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Table 2 Characteristics of the models and their impacts

From: A narrative synthesis of the impact of primary health care delivery models for refugees in resettlement countries on access, quality and coordination

Study Country of study Components of the model Impacts
Studies on access to health care only
Cheng et al. 2011 Australia Staff: Refugee health nurse, volunteers, multidisciplinary, multilingual. Increased utilisation of services.
Services: Orientation on health care system, interpreting, mental health, dental health, eye health, audiology, outreach, health checks, referral pathways, partnership, case management, care plan, medical specialist referral, accommodation.
Sypek et al. 2008 Australia Services: Mental health, accommodation. Barriers: cost, interpreter access, bulk billing doctors, unmet mental health needs, dental health and specialised auditory treatment.
Geltman and Cochran 2005 United States Staff: Network of providers with enhanced knowledge on refugee health. Timely health screening.
Services: health screening and specialised medical service.
Eytan et al. 2002 Switzerland Services: Health screening and interpreting Increased referral to medical and psychological care.
Ford 1995 United States Staff: Bilingual staff, Increased use of preventive and curative care.
Services: Outreach, referral pathway, no cost/subsidized, interpreting, health screening and immunization.
Studies on coordination of care only
Mitchell 1997 Australia Staff: Multidisciplinary. Good coordination among service providers.
Services: Accommodation, patient advocacy, interpreting, health education and orientation about the Australian Healthcare system, mental health support, case management, outreach, medical specialist referral.
Studies on quality of care only
Grigg-Saito et al. 2010 United States Staff: Interpreting, cultural competency training to staff, outreach. Improved physical and mental health status.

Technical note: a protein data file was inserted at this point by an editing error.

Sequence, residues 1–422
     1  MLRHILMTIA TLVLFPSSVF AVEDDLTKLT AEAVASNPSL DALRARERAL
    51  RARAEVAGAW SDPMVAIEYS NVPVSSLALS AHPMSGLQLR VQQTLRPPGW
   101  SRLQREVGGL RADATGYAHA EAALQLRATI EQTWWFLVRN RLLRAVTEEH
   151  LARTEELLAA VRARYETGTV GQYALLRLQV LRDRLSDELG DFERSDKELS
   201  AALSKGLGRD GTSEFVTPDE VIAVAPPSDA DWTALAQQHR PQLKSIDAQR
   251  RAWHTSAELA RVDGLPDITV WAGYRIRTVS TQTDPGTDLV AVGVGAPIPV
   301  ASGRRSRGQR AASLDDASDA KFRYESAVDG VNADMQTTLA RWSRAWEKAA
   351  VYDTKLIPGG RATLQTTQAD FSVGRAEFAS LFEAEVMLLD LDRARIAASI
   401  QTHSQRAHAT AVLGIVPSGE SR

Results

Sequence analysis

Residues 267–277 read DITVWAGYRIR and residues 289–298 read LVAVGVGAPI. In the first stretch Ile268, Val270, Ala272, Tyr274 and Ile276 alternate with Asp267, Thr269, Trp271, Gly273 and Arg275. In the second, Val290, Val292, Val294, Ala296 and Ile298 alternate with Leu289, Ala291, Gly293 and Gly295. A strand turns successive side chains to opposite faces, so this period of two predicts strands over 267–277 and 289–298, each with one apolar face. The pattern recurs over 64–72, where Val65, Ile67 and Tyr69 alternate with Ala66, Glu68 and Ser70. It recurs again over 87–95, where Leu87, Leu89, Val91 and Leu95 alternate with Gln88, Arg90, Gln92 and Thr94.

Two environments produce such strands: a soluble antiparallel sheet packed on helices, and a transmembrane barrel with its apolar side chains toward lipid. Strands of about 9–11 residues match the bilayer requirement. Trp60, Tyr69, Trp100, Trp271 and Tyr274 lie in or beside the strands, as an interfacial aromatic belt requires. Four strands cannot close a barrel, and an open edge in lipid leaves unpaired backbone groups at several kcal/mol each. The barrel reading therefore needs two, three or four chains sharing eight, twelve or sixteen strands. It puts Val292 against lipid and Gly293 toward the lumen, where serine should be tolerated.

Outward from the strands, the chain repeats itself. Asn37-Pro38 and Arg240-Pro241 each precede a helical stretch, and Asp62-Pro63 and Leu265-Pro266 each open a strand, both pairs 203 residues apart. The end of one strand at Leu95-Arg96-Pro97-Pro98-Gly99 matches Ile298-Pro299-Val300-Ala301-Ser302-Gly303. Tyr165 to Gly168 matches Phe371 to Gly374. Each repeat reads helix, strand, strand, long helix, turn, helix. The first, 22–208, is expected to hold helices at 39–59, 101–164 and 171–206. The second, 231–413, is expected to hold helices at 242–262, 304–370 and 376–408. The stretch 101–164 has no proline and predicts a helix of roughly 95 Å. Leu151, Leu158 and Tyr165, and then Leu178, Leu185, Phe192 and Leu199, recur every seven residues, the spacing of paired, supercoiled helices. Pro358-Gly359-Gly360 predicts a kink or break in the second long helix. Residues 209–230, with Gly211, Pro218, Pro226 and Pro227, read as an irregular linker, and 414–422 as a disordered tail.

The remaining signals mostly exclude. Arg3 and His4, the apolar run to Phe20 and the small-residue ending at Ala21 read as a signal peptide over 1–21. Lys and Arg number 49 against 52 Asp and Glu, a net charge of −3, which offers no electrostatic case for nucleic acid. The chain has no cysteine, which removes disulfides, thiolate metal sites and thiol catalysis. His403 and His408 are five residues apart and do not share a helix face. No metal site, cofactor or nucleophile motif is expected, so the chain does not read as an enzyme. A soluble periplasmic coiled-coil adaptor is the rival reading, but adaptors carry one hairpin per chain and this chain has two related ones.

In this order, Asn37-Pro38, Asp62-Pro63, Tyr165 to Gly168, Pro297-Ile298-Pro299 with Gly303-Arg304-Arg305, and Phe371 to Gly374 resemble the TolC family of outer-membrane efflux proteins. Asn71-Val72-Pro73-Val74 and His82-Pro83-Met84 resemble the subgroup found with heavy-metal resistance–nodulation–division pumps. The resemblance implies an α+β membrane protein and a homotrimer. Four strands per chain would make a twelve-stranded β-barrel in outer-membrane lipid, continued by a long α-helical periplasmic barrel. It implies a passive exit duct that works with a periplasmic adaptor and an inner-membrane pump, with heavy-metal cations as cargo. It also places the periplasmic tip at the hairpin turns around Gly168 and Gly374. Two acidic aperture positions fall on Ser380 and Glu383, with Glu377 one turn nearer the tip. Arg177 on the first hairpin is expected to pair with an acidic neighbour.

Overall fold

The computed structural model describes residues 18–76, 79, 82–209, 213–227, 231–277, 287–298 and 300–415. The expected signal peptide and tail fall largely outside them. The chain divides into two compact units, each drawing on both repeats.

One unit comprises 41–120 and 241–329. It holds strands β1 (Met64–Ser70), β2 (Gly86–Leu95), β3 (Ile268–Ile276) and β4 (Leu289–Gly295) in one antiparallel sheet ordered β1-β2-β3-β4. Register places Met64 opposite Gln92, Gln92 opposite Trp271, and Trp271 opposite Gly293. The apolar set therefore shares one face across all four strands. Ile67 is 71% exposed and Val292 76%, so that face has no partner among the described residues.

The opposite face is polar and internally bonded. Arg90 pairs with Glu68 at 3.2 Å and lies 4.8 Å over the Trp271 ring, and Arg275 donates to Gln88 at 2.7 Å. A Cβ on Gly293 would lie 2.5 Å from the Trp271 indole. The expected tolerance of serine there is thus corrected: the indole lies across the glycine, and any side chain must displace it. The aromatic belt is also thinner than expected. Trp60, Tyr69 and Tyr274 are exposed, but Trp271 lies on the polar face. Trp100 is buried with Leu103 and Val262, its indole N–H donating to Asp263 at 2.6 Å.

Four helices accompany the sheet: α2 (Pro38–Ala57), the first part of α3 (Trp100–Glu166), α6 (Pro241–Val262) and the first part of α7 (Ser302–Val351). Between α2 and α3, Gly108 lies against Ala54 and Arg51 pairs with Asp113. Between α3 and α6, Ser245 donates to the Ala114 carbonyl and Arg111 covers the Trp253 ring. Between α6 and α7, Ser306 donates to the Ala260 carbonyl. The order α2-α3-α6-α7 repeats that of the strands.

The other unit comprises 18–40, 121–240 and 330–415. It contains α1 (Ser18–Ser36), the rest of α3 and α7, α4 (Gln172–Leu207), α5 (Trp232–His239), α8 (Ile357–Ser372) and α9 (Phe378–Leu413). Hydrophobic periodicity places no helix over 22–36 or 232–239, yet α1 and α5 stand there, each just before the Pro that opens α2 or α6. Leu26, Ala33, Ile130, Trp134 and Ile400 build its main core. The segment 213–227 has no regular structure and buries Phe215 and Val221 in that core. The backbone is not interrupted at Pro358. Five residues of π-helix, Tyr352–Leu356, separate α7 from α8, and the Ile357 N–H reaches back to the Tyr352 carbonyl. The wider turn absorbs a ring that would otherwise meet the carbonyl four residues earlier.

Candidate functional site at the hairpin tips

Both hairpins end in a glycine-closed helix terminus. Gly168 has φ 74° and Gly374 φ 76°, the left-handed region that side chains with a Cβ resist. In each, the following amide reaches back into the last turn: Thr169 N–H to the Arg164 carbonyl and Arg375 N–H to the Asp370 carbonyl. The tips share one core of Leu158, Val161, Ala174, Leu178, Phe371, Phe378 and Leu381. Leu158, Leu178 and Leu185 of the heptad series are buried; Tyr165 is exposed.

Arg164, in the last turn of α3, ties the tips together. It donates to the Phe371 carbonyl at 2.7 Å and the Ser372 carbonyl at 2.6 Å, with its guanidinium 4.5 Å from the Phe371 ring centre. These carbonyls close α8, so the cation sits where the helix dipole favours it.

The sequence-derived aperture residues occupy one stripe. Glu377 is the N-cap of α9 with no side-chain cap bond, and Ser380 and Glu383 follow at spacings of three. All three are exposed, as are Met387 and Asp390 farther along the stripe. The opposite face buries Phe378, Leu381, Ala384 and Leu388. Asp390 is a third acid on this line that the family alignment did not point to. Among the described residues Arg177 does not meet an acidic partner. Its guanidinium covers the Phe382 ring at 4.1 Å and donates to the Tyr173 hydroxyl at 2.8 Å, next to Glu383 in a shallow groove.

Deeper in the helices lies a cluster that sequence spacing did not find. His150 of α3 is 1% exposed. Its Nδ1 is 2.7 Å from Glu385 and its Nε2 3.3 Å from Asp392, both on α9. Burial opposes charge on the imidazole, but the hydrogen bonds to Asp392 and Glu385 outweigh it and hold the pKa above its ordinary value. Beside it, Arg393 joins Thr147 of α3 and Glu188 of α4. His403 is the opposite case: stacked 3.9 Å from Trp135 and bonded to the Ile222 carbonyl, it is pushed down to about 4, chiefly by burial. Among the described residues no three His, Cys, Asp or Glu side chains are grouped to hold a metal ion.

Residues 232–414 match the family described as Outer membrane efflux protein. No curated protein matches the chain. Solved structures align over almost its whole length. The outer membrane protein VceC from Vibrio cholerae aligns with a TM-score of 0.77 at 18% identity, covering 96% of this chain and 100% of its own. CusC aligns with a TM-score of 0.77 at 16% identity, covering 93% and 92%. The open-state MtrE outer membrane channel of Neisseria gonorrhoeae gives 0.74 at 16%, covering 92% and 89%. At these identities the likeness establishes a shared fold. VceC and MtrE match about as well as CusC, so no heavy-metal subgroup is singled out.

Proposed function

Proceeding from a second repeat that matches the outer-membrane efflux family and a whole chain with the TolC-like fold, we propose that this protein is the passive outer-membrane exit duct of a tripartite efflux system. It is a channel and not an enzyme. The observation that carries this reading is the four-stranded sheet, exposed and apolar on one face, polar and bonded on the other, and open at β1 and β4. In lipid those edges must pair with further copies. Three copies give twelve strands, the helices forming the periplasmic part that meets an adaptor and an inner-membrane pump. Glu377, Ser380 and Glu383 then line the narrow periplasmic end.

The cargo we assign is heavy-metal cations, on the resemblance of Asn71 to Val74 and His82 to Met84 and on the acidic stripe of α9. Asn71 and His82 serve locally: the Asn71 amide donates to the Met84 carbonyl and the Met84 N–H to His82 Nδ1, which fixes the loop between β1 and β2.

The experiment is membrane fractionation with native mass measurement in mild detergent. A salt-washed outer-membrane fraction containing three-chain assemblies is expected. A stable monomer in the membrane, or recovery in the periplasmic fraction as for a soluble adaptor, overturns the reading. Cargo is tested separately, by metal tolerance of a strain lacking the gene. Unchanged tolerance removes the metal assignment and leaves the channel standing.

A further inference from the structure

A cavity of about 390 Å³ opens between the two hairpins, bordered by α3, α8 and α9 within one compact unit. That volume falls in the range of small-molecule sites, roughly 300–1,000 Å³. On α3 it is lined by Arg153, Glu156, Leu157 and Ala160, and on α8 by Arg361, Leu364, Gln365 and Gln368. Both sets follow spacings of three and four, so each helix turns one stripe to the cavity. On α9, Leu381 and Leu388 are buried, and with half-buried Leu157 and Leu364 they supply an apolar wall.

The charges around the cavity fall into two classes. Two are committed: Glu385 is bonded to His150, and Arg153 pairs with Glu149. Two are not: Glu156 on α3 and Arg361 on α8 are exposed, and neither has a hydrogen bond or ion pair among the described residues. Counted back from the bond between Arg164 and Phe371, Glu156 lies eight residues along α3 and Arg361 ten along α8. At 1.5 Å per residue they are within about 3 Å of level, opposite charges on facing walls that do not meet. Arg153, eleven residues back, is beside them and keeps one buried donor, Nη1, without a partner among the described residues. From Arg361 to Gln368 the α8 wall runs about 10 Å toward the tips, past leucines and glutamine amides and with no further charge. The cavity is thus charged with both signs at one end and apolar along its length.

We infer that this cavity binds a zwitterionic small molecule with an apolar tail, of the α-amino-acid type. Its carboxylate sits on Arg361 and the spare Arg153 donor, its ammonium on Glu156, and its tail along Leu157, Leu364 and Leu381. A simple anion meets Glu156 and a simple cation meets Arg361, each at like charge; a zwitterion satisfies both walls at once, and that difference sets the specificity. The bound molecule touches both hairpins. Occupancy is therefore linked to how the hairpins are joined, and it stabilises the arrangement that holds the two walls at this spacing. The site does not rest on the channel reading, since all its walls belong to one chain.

Services: bilingual community health workers, multidisciplinary.
Gould et al. 2010 Australia Staff: Multidisciplinary, network of providers. Timely medical care.
Service: Health screening, referral to specialists, interpreting, no cost, dental health, transport, orientation on health care system.
Birman et al. 2008 United States Staff: Multidisciplinary and bilingual. Improved mental health.
Services: Mental health, case management, patient advocacy, referral, interpreting, transport, outreach.
Goodkind 2005 United States Staff: Students. Improved mental health.
Services: Mental health, interpreting, outreach.
Fox et al. 2005 United States Staff: Bilingual. Improved mental health.
Services: Mental health.
Barrett et al. 2000 Australia Staff: Bilingual. Service culturally acceptable, reduced levels of anxiety.
Services: Mental health, interpreting.
Clabots and Dolphin 1992 United States Services: Multilingual video tapes to provide health education and information on how to access the health care system Culturally sensitive and appropriate for clients.
Studies on access and coordination of care
Australian Resource Centre for Healthcare Innovations 2009 Australia Staff: Network of providers with enhanced knowledge on refugee health, multidisciplinary, refugee health nurse. Improved access to preventive care (health checks and immunisation), improved communication and coordination between providers.
Services: Education and information, partnership, referral pathway, case management, health checks, medical specialist referral, immunization and preventive care.
Kelly 2008 Australia Staff: Refugee health nurse. Improved access to primary health care and specialist services, increased number of patients from refugee backgrounds, good coordination among services.
Services: Outreach, no or low cost, dental health, optometry, transport, patient advocacy.
Studies on access and quality of care